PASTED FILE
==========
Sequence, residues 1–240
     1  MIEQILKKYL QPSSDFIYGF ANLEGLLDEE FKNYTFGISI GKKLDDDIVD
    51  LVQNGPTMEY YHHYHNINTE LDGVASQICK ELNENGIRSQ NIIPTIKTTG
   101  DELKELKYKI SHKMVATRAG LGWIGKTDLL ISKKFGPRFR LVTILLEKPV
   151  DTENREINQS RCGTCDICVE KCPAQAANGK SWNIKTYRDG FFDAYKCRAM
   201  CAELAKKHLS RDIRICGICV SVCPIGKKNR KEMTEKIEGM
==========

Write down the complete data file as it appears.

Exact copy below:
Sequence, residues 1–240
     1  MIEQILKKYL QPSSDFIYGF ANLEGLLDEE FKNYTFGISI GKKLDDDIVD
    51  LVQNGPTMEY YHHYHNINTE LDGVASQICK ELNENGIRSQ NIIPTIKTTG
   101  DELKELKYKI SHKMVATRAG LGWIGKTDLL ISKKFGPRFR LVTILLEKPV
   151  DTENREINQS RCGTCDICVE KCPAQAANGK SWNIKTYRDG FFDAYKCRAM
   201  CAELAKKHLS RDIRICGICV SVCPIGKKNR KEMTEKIEGM